If you’re looking for a new MacBook and you ask around about what would be a good model to buy, one of the things that you would probably be asked is whether you want a MacBook with a retina display or not. If you don’t know what that means — much less how different they are from one another, here’s what you need to know when deciding which MacBook should you get.
Aug 30, 2017. Jul 26, 2020.
- What Does Retina Display Mean?
- What is Pixel Density?
- How are Macs with Retina Display Different from Non-retina Macs?
- Is There Anything Else I Should Consider Aside From the Technical Specs?
- Battery Life
- Vision Issues
- Final Verdict
What Does Retina Display Mean?
Retina display is a marketing term coined by Apple to refer to their lineup of MacBooks and iOS devices that offer screen resolutions higher than other devices with traditional displays. Its name was derived from what Apple believes is the perfect pixel density required for the human retina not to notice individual pixels when viewing screens from a standard viewing distance of at least 10 to 12 inches.
What is Pixel Density?
Pixel density is the number of pixels packed across a screen with a given size. Think of it as like a photo mosaic made from sticky notes. The final photo is whatever you are viewing on your screen (it could be an image or it could also be a group of text) and the sticky notes are the individual pixels.
Do you notice how you get that jagged, blurry look you get when you use few sticky notes to make the mosaic? Do you also notice how when you start adding more sticky notes and pack them closer together, the features start becoming more defined — until your eyes start focusing on the whole image instead of the individual pieces of paper?
The same works for screen displays. The fewer the pixels, the more jagged and blurry images appear because your eyes can unconsciously tell the individual pixels apart, but pack the pixels more tightly across the screen and the task becomes more difficult — making images and text look sharper than they usually do.
Macs with retina displays pack at least 300 pixels per inch of space. Placed side-by-side with non-retina Macs which offer around 100 PPI, and you will instantly see the difference.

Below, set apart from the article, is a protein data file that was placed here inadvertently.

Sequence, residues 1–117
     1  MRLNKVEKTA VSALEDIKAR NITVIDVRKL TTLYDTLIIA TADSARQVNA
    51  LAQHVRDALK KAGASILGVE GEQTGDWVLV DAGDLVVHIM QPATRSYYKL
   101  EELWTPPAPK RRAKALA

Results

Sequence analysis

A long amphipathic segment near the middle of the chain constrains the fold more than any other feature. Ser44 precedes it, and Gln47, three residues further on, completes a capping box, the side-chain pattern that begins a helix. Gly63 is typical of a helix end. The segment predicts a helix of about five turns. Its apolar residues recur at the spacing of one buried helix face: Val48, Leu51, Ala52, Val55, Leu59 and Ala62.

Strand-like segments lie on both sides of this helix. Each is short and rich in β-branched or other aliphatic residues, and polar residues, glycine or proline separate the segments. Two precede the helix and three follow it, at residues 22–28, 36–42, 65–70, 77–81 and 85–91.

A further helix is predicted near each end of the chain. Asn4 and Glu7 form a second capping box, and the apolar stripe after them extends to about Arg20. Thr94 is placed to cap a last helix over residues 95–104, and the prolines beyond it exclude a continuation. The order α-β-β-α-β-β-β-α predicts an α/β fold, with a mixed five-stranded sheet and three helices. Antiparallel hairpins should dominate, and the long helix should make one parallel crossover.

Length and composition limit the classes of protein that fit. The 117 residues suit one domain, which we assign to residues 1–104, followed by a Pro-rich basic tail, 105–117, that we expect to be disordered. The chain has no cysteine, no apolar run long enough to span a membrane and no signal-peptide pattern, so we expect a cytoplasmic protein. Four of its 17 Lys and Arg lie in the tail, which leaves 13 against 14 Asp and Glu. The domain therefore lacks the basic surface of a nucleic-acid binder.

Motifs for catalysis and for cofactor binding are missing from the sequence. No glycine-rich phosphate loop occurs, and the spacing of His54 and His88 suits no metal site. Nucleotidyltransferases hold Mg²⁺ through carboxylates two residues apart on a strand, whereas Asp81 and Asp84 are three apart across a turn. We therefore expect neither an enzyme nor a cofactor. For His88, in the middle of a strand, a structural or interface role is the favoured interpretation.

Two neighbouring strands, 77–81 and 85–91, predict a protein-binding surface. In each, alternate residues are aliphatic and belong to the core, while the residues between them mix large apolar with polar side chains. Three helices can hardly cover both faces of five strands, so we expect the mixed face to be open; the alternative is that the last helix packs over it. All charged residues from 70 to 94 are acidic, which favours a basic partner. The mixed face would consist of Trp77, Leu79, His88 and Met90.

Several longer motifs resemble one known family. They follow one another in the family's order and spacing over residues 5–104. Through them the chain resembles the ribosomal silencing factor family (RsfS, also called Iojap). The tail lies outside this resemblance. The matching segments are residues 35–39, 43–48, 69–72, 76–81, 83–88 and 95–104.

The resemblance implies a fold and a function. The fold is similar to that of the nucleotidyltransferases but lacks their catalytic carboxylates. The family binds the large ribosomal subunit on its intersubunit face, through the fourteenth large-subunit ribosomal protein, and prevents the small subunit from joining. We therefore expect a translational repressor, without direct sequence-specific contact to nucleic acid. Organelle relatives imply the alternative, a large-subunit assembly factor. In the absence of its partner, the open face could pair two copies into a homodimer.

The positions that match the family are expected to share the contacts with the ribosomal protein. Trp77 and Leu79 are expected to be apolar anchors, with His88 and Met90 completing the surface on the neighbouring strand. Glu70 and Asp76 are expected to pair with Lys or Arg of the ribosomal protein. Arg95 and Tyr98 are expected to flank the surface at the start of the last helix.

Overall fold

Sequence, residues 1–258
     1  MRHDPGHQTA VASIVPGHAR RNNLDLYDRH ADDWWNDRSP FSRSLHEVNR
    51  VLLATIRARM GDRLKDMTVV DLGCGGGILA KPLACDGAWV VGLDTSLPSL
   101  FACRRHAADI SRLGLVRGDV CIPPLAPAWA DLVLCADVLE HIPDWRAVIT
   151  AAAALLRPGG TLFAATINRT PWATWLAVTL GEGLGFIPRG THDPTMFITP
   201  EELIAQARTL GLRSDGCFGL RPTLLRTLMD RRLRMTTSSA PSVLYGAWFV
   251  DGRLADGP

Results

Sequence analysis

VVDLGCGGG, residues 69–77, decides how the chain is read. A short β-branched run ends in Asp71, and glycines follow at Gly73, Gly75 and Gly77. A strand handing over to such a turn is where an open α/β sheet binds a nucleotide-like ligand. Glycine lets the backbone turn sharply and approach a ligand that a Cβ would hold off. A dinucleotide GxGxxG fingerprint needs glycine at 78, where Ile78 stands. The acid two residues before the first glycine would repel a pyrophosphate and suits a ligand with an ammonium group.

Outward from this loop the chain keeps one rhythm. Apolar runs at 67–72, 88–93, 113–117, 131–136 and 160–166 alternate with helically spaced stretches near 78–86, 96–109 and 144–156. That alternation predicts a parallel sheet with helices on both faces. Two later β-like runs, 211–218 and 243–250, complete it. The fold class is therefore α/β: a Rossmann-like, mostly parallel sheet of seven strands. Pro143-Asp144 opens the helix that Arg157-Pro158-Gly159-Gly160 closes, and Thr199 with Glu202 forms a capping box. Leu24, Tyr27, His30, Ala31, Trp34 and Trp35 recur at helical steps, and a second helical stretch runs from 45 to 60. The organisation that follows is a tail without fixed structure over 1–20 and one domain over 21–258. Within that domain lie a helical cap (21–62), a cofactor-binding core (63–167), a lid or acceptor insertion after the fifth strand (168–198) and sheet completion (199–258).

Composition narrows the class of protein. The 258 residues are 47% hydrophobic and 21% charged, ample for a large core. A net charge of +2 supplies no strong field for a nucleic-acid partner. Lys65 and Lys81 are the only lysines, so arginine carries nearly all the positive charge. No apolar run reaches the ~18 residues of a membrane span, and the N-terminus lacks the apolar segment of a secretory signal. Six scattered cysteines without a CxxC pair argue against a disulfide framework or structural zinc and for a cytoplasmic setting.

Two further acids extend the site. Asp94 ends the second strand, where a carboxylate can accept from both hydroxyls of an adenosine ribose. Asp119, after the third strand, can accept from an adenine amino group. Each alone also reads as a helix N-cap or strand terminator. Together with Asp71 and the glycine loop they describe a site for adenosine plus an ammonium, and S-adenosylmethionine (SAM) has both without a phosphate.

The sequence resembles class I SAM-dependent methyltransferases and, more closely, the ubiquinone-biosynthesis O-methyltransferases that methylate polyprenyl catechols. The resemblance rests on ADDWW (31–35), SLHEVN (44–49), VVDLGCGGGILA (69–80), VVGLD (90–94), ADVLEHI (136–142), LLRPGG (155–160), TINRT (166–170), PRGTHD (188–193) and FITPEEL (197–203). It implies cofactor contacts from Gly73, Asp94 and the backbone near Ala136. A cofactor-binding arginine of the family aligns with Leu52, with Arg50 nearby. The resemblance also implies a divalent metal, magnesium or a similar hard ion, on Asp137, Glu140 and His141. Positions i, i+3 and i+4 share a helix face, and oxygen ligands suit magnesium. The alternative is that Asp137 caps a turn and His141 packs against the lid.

How are Macs with Retina Display Different from Non-retina Macs?
Aside from having a higher pixel density, Macs with retina display also have a wider viewing angle than non-retina Macs.
The viewing angle is the maximum angle from which you can view your screen without noticing any distortions. You can test your computer’s viewing angle by opening a picture and looking at your screen while leaning sideways or while your computer is tilted up or down. You will soon notice that the further you lean sideways or the more you tilt your computer, the blurrier the picture becomes (You can see a visual example of the difference between a screen with a wide viewing angle compared to a computer with a lower one on this video).
Older non-retina Macs like the MacBook air uses an older type of screen panel that only allows a maximum of 135 degree-viewing angle compared to the retina models which use a new type of screen panel that offers up to 178 degrees.
In addition to that, Macs with retina display also offer larger screen resolutions compared to their non-retina counterparts. This means that users can now fit more things on their screen than they can before which can be a big plus for people who like spacious working spaces.
Is There Anything Else I Should Consider Aside From the Technical Specs?
Computers are incredibly complex products, so there’s always a lot of considerations to take when it comes to choosing which model will be a good fit for you. Aside from the technical specifications, below are some other important factors that you might want to consider when choosing between a Mac with a retina display and a non-retina one.
Price is a major consideration for a lot of computer buyers. Some are more open to slightly more expensive choices if it meant upgraded specifications, some do not have the liberty to step outside their budget range.
If you happened to belong to the latter group, the non-retina MacBooks are the obvious choice. There’s at least a three hundred dollar-difference between the least expensive non-retina MacBook (MacBook Air) and the least expensive retina model (MacBook), so the savings that you can make are hardly insignificant, especially if you just need a computer for simple tasks like processing documents, surfing the web, or casually playing a few low-resolution games.